The findings of the study support the introduction of ongoing and continuous disclosure regimes in a number of capital markets, and assist firms and regulators model the price-sensitivity of information under CDR.

Originality/value

The study highlights the sources of an informed market, and contributes to our understanding of the conditions under which the CDR reveals unexpected information. The results provide evidence of an association between firm disclosure and stock price synchronicity, consistent with managerial incentives to disclose information.

Details

Pacific Accounting Review, vol. 27 no. 2
Type: Research Article
ISSN: 0114-0582

Keywords

Article
Publication date: 10 August 2010

Susan M. Albring, María T. Cabán‐García and Jacqueline L. Reck

The study is driven by concerns raised by standard setters and others about the usefulness of performance reporting under generally accepted accounting principles (GAAP). Of…

1809

Abstract

Purpose

The study is driven by concerns raised by standard setters and others about the usefulness of performance reporting under generally accepted accounting principles (GAAP). Of primary interest is whether explicitly defining what information should be included in earnings results in an earnings measure that is more relevant than operating earnings computed according to current GAAP. The purpose of this paper is to explore whether reducing management discretion in the reporting of performance adds to the value relevance of the performance measures reported to capital markets.

Design/methodology/approach

The value relevance of this non‐GAAP earnings measure is examined by estimating market valuation and returns models for 518 US firms included in the Standard & Poor's 500 Index over the time period 2002‐2007.

Findings

Results show that the explicitly defined non‐GAAP measure used is significantly associated with equity market values and returns and is significantly more value‐relevant than the GAAP measure.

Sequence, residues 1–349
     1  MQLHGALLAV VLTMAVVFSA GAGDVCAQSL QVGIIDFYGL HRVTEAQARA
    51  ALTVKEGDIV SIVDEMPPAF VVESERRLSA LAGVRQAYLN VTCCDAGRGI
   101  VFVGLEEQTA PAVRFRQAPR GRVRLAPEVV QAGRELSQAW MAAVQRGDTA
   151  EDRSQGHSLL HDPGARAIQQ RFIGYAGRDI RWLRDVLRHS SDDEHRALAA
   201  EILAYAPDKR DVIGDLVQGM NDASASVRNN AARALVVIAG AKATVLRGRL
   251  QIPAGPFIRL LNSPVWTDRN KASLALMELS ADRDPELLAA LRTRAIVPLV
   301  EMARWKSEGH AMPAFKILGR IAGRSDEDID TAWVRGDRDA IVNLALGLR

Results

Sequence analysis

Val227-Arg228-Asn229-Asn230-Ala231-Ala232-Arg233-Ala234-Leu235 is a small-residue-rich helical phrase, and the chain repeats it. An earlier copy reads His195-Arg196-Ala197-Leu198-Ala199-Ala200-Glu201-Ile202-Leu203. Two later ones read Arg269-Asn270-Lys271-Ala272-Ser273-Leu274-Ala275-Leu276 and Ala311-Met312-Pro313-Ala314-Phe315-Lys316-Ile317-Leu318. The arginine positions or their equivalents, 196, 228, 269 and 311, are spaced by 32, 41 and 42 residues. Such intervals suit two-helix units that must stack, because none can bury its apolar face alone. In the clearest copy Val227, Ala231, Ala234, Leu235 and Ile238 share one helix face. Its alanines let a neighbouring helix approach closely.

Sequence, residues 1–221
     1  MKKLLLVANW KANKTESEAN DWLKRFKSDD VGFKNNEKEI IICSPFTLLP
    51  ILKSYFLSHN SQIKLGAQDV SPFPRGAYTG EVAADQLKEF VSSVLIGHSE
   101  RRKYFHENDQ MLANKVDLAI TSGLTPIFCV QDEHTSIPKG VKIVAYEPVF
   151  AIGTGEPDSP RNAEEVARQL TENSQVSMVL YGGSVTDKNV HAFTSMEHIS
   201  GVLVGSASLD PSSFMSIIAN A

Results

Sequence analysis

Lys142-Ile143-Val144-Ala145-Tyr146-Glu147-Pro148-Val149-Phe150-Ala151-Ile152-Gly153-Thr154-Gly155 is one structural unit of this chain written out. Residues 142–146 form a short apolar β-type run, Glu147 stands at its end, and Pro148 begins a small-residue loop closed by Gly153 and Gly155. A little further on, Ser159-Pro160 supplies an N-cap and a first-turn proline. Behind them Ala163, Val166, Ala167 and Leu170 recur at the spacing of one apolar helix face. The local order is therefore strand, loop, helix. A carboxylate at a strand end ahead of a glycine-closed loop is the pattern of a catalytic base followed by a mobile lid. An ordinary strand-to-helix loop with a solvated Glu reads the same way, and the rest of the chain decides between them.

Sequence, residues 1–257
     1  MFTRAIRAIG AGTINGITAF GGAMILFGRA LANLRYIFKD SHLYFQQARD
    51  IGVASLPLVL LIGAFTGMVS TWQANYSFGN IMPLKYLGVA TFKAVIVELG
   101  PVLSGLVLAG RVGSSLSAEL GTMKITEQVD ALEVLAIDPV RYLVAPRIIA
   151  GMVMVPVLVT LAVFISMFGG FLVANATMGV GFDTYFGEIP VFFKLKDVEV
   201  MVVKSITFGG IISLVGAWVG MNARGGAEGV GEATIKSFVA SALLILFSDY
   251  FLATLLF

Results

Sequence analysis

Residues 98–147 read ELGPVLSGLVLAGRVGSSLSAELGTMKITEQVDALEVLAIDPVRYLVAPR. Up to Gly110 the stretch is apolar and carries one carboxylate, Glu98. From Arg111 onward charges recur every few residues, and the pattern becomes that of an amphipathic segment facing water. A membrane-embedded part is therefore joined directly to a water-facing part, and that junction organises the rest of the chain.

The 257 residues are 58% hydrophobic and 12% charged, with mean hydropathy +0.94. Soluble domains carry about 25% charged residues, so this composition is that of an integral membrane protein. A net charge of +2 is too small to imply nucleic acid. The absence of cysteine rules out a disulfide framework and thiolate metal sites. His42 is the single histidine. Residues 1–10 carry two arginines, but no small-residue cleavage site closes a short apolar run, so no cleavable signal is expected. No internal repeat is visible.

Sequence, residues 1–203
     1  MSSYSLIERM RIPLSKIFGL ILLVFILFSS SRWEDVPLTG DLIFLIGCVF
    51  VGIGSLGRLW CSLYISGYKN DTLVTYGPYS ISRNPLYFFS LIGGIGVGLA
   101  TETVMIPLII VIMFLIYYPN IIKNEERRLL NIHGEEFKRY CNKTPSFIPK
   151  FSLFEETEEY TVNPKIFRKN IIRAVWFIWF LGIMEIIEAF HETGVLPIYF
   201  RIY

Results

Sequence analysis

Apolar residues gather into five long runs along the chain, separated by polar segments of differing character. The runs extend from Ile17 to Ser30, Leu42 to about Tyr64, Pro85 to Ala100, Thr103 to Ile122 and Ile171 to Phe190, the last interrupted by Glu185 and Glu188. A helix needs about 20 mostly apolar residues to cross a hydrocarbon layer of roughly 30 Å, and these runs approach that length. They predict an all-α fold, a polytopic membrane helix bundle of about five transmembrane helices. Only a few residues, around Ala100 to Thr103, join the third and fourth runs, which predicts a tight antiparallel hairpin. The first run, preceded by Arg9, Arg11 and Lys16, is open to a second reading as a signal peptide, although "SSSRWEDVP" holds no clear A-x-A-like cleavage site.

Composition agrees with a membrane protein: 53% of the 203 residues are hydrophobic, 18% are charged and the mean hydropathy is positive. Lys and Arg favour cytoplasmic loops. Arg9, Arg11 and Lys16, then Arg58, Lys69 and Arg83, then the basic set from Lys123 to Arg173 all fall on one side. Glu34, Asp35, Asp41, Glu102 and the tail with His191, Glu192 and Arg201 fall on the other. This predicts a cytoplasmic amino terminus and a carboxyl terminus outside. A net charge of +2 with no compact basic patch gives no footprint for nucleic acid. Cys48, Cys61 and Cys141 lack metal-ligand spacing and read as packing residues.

Originality/value

The paper contributes to accounting literature assessing the relevance of earnings in setting equity market value. More specifically, it provides evidence consistent with prior results that non‐GAAP performance measures are more useful in valuation than GAAP earnings. However, in contrast with prior studies, the more explicit performance measure the paper examines removes some of the classificatory discretion pervasive in other non‐GAAP earnings metrics.

Details

Review of Accounting and Finance, vol. 9 no. 3
Type: Research Article
ISSN: 1475-7702

Keywords

Article
Publication date: 16 September 2013

Pamela Kent and Tamara Zunker

The purpose of this study is to provide evidence on the category, quantity and quality of voluntary employee-related information Australian listed companies disclose in their…

2821

Abstract

Purpose

The purpose of this study is to provide evidence on the category, quantity and quality of voluntary employee-related information Australian listed companies disclose in their annual report. An explanation is also sought to determine whether companies adopt employee-related disclosures to legitimise their relationship with society. Voluntary adoption of corporate governance best practice recommendations is used as a measure of companies' attempts to attain ex ante legitimacy. Media agenda setting theory is used as a measure of an attempt to gain legitimacy ex post following adverse publicity from the media.

Design/methodology/approach

The annual reports of all companies with at least one employee listed on the Australian Stock Exchange with a 30th June balance date of 2004 are examined to identify employee-related disclosures. This employee-related information is categorised and identified as positive, negative or a combination of positive and negative information by three independent coders. Ordinary least squares regression is used to explain the quantity of disclosure with a corporate governance score and number of adverse newspaper articles included as experimental variables.

Findings

Adopting voluntary corporate governance mechanisms is associated with the quantity of voluntary annual report employee-related disclosures. Higher levels of adverse publicity are also significantly associated with higher quantities of employee-related disclosures. The quality of these disclosures is questioned because 124 companies had adverse publicity relating to employees and only two of these companies reported any negative employee-related disclosures. Few companies from the whole sample reported any negative information relating to their employees in their annual report, with 98 per cent of companies reporting positive news or no news.

Originality/value

Most previous social responsibility research has focused on environmental disclosures. This study is original because it focuses on employee-related disclosures. Honest, transparent employee disclosures are an international corporate governance recommendation by the Organisation for Economic Co-operation and Development and studies have not previously tested the relation between reporting recommended corporate governance mechanisms and employee-related disclosures in annual reports.

Details

Accounting, Auditing & Accountability Journal, vol. 26 no. 7
Type: Research Article
ISSN: 0951-3574

Keywords

1 – 5 of 5